China Real Estate Market Faces Slump

Residential housing prices are expected to fall in China just one year after the nation saw the highest price rises in the world in that category. And Beijing …

Residential housing prices are expected to fall in China just one year after the nation saw the highest price rises in the world in that category. And Beijing in particular faces an oversupply of housing, much of it built for the 2008 Olympic Games. For more on this, read the following article from Global Property Guide:

In 2007 China experienced the highest rise in residential property price in the world, with prices in major cities doubling over the past few years.

The first half of 2008 however saw a marked slowdown. The house price index for 70 major cities rose 7% in July 2008 from a year earlier, the lowest increase yet this year, according to official government statistics. When adjusted for inflation, house prices rose by a mere 0.7% over the same period. Some developers retained their list prices but offer rebates of up to 10%.

Real estate chains have been closing outlets in cities such as Shenzhen, Guangzhou, Beijing and Shanghai, according to news reports. Transactions are significantly down.

Since no official city-level price index exists, different real estate agencies provide varying estimates of price falls. Shanghai Uwin Real Estate Information Services Co. cites the biggest price falls, the average transaction price of new commodity housing in Shanghai fell 24.5% from CNY16,988 (US$2,488) in June to CNY12,824 (US$1,878) per square metre in July 2008.

Price falls are expected to be around 10% to 30% in several major cities, as lending dries up while the economy cools. The restrictions on lending are part of the government’s anti-speculative measures intended to cool down the housing market.

Shanghai’s second-hand market

While prices of new houses in Shanghai are falling, second hand homes are more resilient. The second-hand housing price index rose 31.65% (23.85% in real terms) y-o-y to July 2008, according to ehomeday, Shanghai’s largest housing information portal.

However, there were also signs of strain. The monthly change in the price index has been declining since the start of 2008 down to 0.38% in July. House price falls were also observed in several Shanghai districts. When adjusted for inflation, the index actually fell 0.2% from the previous month.

The number of transactions also fell 20% in July from the previous month.

Rents in the luxury segment have been flat for four years, while prices have risen strongly over the past two years. Strong per capital income growth and the growing number of expatriates are pushing demand.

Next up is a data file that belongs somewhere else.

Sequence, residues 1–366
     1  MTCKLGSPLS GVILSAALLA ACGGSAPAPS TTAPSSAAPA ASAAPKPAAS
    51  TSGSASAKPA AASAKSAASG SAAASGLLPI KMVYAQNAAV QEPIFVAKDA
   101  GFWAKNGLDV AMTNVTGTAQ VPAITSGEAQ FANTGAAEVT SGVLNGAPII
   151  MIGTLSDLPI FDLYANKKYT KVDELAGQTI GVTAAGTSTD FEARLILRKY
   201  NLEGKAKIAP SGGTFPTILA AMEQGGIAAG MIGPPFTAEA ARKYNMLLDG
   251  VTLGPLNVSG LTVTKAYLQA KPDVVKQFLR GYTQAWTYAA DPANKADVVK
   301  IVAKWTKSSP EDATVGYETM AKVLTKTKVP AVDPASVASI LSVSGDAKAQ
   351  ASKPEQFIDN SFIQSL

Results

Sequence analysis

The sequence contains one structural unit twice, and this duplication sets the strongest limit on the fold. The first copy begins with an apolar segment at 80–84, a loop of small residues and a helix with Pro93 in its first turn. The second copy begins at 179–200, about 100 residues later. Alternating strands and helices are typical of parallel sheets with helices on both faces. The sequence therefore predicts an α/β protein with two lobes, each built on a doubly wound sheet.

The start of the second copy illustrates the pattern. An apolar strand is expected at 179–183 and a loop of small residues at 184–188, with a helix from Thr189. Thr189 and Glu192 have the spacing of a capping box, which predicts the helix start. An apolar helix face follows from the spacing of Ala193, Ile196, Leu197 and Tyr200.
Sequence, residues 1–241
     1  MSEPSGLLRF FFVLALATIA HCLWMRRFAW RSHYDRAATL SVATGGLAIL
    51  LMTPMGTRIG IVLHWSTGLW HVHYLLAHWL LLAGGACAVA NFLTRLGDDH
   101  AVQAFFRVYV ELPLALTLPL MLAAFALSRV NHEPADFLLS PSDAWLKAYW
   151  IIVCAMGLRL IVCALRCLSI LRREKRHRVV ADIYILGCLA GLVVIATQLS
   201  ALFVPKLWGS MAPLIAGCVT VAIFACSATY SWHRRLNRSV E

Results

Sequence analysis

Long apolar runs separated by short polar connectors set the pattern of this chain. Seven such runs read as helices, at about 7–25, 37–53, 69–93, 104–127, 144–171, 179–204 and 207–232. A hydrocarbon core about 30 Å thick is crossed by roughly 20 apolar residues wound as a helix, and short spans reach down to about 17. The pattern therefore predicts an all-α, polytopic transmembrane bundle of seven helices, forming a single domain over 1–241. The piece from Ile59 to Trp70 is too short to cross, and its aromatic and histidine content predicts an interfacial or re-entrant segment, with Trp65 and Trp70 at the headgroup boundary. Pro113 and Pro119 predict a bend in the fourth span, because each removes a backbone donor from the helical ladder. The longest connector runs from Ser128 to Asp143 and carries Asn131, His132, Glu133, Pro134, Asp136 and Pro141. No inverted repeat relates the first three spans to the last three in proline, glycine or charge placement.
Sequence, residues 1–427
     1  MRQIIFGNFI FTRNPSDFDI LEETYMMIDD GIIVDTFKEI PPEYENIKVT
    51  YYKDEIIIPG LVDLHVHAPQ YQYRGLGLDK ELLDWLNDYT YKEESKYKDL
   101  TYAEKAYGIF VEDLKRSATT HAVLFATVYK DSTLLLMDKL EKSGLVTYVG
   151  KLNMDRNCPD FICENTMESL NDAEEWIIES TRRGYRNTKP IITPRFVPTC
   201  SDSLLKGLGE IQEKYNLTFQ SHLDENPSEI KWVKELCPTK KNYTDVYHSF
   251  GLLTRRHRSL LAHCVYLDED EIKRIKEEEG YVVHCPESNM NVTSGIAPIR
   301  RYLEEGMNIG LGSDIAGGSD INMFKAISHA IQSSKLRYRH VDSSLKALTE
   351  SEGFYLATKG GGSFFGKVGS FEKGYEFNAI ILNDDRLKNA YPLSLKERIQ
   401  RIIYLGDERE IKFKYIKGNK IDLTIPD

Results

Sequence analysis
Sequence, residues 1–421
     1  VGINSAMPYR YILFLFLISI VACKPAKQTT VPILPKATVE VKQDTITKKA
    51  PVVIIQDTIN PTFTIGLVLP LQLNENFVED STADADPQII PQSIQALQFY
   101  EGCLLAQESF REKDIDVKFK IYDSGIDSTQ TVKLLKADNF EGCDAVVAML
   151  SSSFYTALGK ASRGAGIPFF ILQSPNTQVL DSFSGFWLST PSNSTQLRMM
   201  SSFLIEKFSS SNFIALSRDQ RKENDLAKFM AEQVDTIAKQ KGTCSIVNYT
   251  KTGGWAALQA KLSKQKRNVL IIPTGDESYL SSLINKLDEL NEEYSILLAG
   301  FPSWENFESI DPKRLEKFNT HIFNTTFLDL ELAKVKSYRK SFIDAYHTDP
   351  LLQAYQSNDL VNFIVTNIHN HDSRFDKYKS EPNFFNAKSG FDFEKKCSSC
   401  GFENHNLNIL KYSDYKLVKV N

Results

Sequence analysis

However the vacancy rate of luxury residential properties is high, at 17.5% in Q4 2007, according to Colliers International. Investors appear to be increasingly choosing to hold and rent out their properties rather than selling.

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Post-Olympic slump threatens Beijing

The 2008 Beijing Summer Olympics was very successful despite minor protests and scandals about computer-generated fireworks and lip-synching.

Almost everybody made sacrifices to ensure the success of the games. Thousands of households were relocated to make way for the new sports facilities. Small businesses were closed during the games because they were deemed eyesores. Large-scale constriction within and around Beijing were put on hold. Factories, particularly those producing steel and cement, were closed while traffic was cut in half to improve the city’s pollution level. Strict visa screening to deter protesters and activists led to fewer tourists than expected, and several hotels had high vacancy rates during the games.

Although the city will benefit from an improved mass transportation system, it also has to deal with the overcapacity that accompanies it. The Olympic Village alone added thousands of new apartments, as much as 80% had been sold even before the games started. The Water Cube will be converted into a water-styled theme park.

Both prices and rents in the luxury apartment sector have moved up only somewhat over the past 4 years in Beijing. The overall average vacancy of luxury apartment stood at 20.67% at end-2007, according to Colliers. The vacancy rate of high-end apartments was 10.5% at the end of 2007, up marginally from the end of 2006, according to Savills.

Anti-speculative measures